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Credit: Ally Catterick/FFI

Help us get to the core of the problem and save this Endangered apple tree

Join Fauna & Flora International today and help us protect the world’s most endangered wild places.

The fruit and nut forests of Kyrgyzstan contain the living ancestors of domestic apples, pears, walnuts, almonds and other important food trees.

These wild varieties of domestic crops, which may contain resistance to pests and diseases, could prove crucial in helping us meet the challenges of food production in the future.

Sorting walnuts to prepare for sale. Credit: Ally Catterick/FFI

Sorting walnuts to prepare for sale. Credit: Ally Catterick/FFI

Unfortunately, however, these forests have declined by 90% in the last 50 years and are threatened by destructive activities such as overgrazing and the unsustainable and illegal collection of firewood.

Fauna & Flora International’s (FFI) Global Trees Campaign is working to protect two key remnant forest sites in Kyrgyzstan, which are important for species like the threatened Neidzwetzky apple, of which only 117 individuals remain in Kyrgyzstan.

The remarkable, pink-fleshed Niedzwetzky apple. Credit: Ally Catterick/FFI

The remarkable, pink-fleshed Niedzwetzky apple. Credit: Ally Catterick/FFI

The Niedzwetzky apple is a wild relative of the domesticated apples that line our supermarket shelves and is of global importance as an international genetic resource.

This striking fruit has bright pink flesh and is an iconic species for the region. It is thought to have medicinal properties and despite its bitter taste is eaten in some areas – especially by children – as a means to prevent cancer.

Expansion of agriculture and other human development across the Neidzwetzky’s range have decimated the species’ fruit and nut forest habitat in just half a century.

Neidzwetzky seedlings grow in nurseries before they can be planted in forests, repopulating the species. Credit: Ally Catterick/FFI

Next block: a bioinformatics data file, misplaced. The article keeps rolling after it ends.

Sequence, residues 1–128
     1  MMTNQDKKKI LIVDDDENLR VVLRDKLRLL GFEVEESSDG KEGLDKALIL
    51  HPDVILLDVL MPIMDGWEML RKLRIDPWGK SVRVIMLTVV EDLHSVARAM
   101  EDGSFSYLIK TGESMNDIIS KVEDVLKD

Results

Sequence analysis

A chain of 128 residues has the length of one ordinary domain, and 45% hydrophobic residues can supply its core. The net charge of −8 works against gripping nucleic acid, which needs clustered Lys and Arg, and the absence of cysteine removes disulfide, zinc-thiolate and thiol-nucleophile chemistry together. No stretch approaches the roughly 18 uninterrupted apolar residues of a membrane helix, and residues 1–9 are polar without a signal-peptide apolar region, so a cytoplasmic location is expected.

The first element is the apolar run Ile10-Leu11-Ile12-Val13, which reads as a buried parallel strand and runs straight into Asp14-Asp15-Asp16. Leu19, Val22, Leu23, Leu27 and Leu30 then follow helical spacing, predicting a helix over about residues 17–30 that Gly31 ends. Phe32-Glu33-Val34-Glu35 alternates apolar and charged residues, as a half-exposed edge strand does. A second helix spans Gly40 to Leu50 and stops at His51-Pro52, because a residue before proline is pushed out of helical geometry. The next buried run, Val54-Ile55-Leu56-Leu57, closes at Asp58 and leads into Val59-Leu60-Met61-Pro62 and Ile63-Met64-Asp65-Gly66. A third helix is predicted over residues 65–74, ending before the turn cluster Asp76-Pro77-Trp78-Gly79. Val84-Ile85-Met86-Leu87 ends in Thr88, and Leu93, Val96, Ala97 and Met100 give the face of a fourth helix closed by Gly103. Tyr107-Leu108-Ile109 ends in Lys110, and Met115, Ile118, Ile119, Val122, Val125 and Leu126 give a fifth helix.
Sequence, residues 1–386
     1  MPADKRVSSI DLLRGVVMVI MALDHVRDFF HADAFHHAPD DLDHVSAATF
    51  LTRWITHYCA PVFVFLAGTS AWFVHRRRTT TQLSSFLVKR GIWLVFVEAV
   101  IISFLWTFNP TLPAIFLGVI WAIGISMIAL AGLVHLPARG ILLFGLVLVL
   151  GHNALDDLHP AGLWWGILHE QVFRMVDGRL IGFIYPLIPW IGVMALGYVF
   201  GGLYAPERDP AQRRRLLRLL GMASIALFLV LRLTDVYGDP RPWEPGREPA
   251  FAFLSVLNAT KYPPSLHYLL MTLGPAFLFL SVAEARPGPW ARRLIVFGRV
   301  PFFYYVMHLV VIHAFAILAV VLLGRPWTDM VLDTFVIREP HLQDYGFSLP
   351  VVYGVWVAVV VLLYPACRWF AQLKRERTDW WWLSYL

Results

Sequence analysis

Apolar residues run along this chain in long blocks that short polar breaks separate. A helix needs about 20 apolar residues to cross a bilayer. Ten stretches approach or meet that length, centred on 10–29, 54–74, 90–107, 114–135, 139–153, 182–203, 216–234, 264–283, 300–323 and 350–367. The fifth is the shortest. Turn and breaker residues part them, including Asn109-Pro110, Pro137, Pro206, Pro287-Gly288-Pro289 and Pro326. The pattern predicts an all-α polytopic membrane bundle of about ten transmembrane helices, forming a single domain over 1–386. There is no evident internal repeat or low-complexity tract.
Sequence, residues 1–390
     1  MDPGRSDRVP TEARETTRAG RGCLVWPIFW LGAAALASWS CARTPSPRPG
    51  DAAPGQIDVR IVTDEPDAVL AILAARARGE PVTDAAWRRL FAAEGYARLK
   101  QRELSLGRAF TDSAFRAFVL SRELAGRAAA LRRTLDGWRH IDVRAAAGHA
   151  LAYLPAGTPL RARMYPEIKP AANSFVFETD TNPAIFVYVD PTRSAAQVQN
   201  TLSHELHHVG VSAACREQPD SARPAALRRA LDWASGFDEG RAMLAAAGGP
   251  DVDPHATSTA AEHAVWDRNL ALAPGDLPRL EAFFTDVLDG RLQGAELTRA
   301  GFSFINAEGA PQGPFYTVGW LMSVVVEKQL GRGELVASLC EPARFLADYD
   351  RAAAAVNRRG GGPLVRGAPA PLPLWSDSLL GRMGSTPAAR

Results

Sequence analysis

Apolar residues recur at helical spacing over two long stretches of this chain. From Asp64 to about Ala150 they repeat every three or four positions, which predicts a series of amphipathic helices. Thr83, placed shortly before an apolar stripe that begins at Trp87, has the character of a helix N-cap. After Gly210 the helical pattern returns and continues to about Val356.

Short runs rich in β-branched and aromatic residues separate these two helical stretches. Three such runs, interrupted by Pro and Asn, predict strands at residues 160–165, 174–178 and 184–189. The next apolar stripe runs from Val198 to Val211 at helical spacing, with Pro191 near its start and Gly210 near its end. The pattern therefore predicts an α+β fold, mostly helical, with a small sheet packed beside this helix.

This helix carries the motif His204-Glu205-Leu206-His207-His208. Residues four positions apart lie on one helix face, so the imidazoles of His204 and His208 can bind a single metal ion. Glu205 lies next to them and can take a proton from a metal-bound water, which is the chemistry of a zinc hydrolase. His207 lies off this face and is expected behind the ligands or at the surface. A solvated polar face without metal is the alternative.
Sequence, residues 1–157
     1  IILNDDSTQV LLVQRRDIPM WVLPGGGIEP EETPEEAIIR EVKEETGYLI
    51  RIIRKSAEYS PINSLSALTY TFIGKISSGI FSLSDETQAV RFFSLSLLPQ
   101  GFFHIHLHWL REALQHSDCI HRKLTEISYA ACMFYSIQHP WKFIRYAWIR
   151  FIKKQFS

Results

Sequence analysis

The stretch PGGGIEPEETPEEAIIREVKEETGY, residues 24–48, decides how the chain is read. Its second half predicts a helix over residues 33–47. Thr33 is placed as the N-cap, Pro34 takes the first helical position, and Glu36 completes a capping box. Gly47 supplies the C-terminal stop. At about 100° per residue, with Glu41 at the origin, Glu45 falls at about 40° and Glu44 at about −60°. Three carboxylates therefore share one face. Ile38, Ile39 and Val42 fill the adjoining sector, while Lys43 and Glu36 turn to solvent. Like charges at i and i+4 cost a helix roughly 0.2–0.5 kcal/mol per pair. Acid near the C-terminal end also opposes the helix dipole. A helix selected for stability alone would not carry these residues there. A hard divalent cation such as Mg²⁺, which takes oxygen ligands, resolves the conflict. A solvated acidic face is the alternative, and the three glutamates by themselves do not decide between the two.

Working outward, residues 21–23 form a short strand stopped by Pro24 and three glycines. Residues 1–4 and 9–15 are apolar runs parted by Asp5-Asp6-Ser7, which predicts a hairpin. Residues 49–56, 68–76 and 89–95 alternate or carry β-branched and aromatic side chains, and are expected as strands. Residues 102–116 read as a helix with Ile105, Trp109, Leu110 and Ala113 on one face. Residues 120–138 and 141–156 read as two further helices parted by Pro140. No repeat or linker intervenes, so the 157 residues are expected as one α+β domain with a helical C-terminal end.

Neidzwetzky seedlings grow in nurseries before they can be planted in forests, repopulating the species. Credit: Ally Catterick/FFI

Overgrazing of cattle is also barrier to natural regeneration, as young shoots are eaten before they can develop a protective bark.

With so few Neidzwetzky trees remaining, FFI’s Global Trees Campaign is working hard to help monitor the remaining wild trees and is helping the state forestry department and local groups to grow new trees in nurseries.

Awareness and education in schools is a vital part of the programme. Credit: Ally Catterick/FFI

Awareness and education in schools is a vital part of the programme. Credit: Ally Catterick/FFI

So far well over 2,000 saplings have been grown from seed and planted out into the forest to reinforce wild populations.

By joining FFI as a member today, you can help us to protect threatened species like the Neidzwetzky apple and the habitat on which they depend.

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Fauna & Flora International (FFI) is a company limited by guarantee, incorporated in England and Wales, Registered Company Number 2677068. Registered Charity Number 1011102
Fauna & Flora International Australia (Ltd) is a company limited by guarantee, and recognised as a Charitable Institution (ABN 75 132 715 783, ACN 132715783)
Fauna & Flora International USA Inc is a non-profit organization incorporated in the State of Delaware with federal tax identification number 81-3967095. 501(c)(3) status for Fauna & Flora International USA Inc currently is pending IRS approval.
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